Farmers facing tough decisions

Eye on KELOLAND

LENNOX, S.D. (KELO) — March flooding and relentless spring rains have farmers in parts of KELOLAND playing an anxious waiting game. 

Many farmers want to get to work planting their crops but their fields are too muddy and so are the roads leading to them. 

 

Harold Timmerman’s farm equipment is still collecting dust in his shed on the north end of Lennox. 

“It’s the wettest I’ve ever seen and I’ve lived in this area all of my life. I’ve never seen roads like we have them now. I’ve never seen fields this wet for this long,” Timmerman said. 

Timmerman, who you may also know as the Lincoln County Emergency Manager, uses his vacation time every year to farm 500-600 acres in these parts. As he checks his rain gauge, he wonders when he’ll be taking time off to start the planting process. 

“It’s just taking a long time to get rid of all this moisture and we keep getting more and more,” Timmerman said. 

The longer farmers wait, the more intense the decisions they have to make. 

“I would need a week or two of 70 degrees before I can even begin to think about planting. Once you get past the 15th of May, your crop insurance starts losing one-percent a day. So you’re sacrificing there and if you don’t plant at all, you get some help from your crop insurance but then your average yield is going to suffer. It’s a little bit of a conundrum as to what you want to do,” Timmerman said.

Northwest of Lennox, Dave and Julaine Stratmeyer have been tending to this land since 1988. 

“I love to watch crops grow. I love to watch cattle. Their temperament. Learning their dispositions and working with them. The harvest is always over-the-top great,” Dave said. 

This year however, everything is up in the air because of what keeps falling to the ground. This is a look at recent flooding on their property. 

“Right after that March flood when the water went over our driveway. Doing that, it washed out the dirt over top of the culverts. We had like a eight foot, by the width of the driveway, void of gravel. Just a hole,” Dave said. 

Even more heartbreaking, watching the cows deal with deeper mud than usual. 

“You kind of have a pit in your stomach when you look out and see them plowing through mud and the babies. The mom’s udders are full of mud so the calves… you can’t go out and wash every cow off every time the calf wants to eat,” Julaine said.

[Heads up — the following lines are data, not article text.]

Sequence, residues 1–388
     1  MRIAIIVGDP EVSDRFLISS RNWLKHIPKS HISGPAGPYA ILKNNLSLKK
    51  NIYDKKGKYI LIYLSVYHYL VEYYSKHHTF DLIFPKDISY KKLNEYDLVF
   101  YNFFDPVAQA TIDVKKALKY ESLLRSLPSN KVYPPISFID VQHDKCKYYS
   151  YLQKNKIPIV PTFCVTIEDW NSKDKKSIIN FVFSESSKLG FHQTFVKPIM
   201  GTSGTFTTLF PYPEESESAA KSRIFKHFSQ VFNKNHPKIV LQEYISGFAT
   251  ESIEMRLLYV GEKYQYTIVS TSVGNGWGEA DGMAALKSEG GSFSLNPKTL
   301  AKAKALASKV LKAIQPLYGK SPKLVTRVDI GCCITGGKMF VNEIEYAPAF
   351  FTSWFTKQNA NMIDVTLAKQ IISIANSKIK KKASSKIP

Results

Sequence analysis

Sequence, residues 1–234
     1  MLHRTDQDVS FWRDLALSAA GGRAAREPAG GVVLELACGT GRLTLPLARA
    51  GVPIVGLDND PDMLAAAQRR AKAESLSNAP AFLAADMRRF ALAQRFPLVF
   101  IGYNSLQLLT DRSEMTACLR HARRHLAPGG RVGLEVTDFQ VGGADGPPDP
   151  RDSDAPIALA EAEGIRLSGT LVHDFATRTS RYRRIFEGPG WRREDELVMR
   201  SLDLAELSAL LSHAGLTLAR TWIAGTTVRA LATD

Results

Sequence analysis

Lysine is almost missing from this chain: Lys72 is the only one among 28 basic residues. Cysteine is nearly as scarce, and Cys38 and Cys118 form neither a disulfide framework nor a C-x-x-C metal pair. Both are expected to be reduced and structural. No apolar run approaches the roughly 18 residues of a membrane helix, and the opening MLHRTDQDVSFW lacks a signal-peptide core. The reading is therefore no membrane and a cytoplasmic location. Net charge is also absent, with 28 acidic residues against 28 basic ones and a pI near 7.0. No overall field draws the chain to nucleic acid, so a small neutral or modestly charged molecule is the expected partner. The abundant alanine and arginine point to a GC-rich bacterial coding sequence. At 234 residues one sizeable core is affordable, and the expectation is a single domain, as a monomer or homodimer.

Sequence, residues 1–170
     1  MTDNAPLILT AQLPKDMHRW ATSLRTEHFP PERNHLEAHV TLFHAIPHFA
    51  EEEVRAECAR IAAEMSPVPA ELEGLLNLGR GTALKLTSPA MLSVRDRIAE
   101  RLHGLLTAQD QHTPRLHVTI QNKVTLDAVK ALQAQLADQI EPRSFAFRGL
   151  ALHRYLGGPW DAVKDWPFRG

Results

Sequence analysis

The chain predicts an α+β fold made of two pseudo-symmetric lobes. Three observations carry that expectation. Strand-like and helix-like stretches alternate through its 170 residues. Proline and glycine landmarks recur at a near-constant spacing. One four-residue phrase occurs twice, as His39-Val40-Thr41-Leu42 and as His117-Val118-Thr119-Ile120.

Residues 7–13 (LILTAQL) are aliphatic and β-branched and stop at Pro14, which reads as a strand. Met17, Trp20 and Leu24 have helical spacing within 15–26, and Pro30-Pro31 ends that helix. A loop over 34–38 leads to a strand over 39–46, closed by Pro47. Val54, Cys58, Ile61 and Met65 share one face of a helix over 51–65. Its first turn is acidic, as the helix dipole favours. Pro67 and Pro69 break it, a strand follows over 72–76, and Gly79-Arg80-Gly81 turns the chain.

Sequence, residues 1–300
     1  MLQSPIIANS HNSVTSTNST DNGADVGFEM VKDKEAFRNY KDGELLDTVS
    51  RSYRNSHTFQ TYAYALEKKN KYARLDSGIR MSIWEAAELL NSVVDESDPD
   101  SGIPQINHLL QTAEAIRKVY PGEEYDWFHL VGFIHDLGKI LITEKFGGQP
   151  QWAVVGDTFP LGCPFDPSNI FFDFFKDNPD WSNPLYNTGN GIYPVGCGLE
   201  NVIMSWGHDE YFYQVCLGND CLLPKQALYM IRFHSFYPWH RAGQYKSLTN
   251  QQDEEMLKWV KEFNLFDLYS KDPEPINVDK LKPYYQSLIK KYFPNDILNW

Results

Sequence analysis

Hopefully soon, they’ll be moved to this pasture. Dave says even this piece of land dealt with flooding forcing him to remove piles of sand that was killing the grass. 

The Stratmeyers say they would normally have a lot of corn and soybeans planted by now but because of all the water and mud in the field, they’re several weeks behind. Still, they have hope things will turn around.

They hope to plant corn and soybeans on more than 900 acres. Last year, they were planting up until May 28 and the crop turned out OK.

“Typically we’re half done with corn, planting corn. We like to start in April and maybe by the 10th of May start on beans. We haven’t moved a wheel,” Dave said. 

Dave says the farming community is patient but it’s also on edge. 

“The time is here. It’s time to go. It’s time to be doing stuff,” Dave said. 

But at this time, many farmers are stuck. 

“Patience is a virtue but it’s a hard thing to learn and a harder thing to practice,” Timmerman said. 

A part of the problem, Timmerman says Lincoln County has around $1.8 million worth of damaged roads. 

“If they try taking heavy equipment down these roads now, it’s going to sink in some of the roads. They can’t get to the fields. Once you get there now, you can’t go anywhere anyhow,” Timmerman said. 

Plan A for many farmers is out the tractor window and many families are way down the alphabet when it comes to strategy. 

“It’s not looking like a good farming year right now and you’re getting to the point where how much do you want to invest in crop inputs for maybe not getting much out of it in the fall especially with the prices the way they are,” Timmerman said. 

Even with all the headaches, there’s a passion for the job that doesn’t go away. 

“Some days, yeah. Generally, we love it out here,” Dave said.

“We’ll get something planted I’m sure. It might not be everything that we planned on doing and want to do but we’ll make do,” Dave said. 

The Stratmeyers have faith and hope Mother Nature is preparing to cooperate. 

Timmerman says on top of all the rain, we had a wet fall and the winter frost has been especially bad this year. 

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